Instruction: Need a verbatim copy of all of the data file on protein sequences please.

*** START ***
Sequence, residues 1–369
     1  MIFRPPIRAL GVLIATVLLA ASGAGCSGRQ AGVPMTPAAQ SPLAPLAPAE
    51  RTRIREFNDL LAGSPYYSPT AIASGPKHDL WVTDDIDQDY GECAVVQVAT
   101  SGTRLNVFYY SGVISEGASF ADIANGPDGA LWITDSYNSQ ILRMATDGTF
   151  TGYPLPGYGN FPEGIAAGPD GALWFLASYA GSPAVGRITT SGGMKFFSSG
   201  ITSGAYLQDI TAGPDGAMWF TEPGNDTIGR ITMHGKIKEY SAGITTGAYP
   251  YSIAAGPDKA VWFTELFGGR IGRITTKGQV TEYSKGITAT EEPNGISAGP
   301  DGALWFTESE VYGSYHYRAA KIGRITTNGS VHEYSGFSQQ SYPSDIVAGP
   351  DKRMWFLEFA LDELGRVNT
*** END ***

Sequence, residues 1–369
     1  MIFRPPIRAL GVLIATVLLA ASGAGCSGRQ AGVPMTPAAQ SPLAPLAPAE
    51  RTRIREFNDL LAGSPYYSPT AIASGPKHDL WVTDDIDQDY GECAVVQVAT
   101  SGTRLNVFYY SGVISEGASF ADIANGPDGA LWITDSYNSQ ILRMATDGTF
   151  TGYPLPGYGN FPEGIAAGPD GALWFLASYA GSPAVGRITT SGGMKFFSSG
   201  ITSGAYLQDI TAGPDGAMWF TEPGNDTIGR ITMHGKIKEY SAGITTGAYP
   251  YSIAAGPDKA VWFTELFGGR IGRITTKGQV TEYSKGITAT EEPNGISAGP
   301  DGALWFTESE VYGSYHYRAA KIGRITTNGS VHEYSGFSQQ SYPSDIVAGP
   351  DKRMWFLEFA LDELGRVNT